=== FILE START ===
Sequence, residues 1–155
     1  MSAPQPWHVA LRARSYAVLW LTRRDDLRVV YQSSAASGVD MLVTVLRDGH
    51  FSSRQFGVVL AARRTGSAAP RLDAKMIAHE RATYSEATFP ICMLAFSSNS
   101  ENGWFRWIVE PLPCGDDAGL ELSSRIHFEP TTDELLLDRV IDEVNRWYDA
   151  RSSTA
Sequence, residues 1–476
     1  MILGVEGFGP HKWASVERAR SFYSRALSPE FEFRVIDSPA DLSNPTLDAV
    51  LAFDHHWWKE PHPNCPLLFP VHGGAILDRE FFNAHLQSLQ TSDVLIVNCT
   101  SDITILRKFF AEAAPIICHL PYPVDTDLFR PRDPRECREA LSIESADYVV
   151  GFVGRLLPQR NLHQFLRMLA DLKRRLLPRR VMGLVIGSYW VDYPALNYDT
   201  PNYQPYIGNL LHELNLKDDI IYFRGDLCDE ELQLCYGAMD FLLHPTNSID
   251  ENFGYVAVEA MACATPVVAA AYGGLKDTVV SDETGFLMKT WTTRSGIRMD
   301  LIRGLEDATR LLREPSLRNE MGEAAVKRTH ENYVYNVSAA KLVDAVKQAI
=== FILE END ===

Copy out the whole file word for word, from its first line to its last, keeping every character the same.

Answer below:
Sequence, residues 1–155
     1  MSAPQPWHVA LRARSYAVLW LTRRDDLRVV YQSSAASGVD MLVTVLRDGH
    51  FSSRQFGVVL AARRTGSAAP RLDAKMIAHE RATYSEATFP ICMLAFSSNS
   101  ENGWFRWIVE PLPCGDDAGL ELSSRIHFEP TTDELLLDRV IDEVNRWYDA
   151  RSSTA
Sequence, residues 1–476
     1  MILGVEGFGP HKWASVERAR SFYSRALSPE FEFRVIDSPA DLSNPTLDAV
    51  LAFDHHWWKE PHPNCPLLFP VHGGAILDRE FFNAHLQSLQ TSDVLIVNCT
   101  SDITILRKFF AEAAPIICHL PYPVDTDLFR PRDPRECREA LSIESADYVV
   151  GFVGRLLPQR NLHQFLRMLA DLKRRLLPRR VMGLVIGSYW VDYPALNYDT
   201  PNYQPYIGNL LHELNLKDDI IYFRGDLCDE ELQLCYGAMD FLLHPTNSID
   251  ENFGYVAVEA MACATPVVAA AYGGLKDTVV SDETGFLMKT WTTRSGIRMD
   301  LIRGLEDATR LLREPSLRNE MGEAAVKRTH ENYVYNVSAA KLVDAVKQAI